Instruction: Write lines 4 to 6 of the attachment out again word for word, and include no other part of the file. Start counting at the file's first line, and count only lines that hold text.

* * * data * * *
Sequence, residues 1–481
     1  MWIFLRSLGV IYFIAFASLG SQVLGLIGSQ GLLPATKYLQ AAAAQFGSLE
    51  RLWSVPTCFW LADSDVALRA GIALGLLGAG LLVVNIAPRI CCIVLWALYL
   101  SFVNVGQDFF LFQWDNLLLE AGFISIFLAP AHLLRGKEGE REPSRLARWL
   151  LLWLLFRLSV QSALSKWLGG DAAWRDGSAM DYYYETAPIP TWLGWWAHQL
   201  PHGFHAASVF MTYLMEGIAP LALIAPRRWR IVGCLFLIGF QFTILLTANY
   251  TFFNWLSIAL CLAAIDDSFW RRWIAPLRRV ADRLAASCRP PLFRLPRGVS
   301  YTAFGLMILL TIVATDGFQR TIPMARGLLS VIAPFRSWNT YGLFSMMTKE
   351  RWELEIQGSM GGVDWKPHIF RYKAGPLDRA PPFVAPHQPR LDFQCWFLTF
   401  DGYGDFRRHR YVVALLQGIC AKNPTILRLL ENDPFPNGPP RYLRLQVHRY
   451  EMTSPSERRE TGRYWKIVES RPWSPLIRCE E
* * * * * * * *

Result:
   101  SFVNVGQDFF LFQWDNLLLE AGFISIFLAP AHLLRGKEGE REPSRLARWL
   151  LLWLLFRLSV QSALSKWLGG DAAWRDGSAM DYYYETAPIP TWLGWWAHQL
   201  PHGFHAASVF MTYLMEGIAP LALIAPRRWR IVGCLFLIGF QFTILLTANY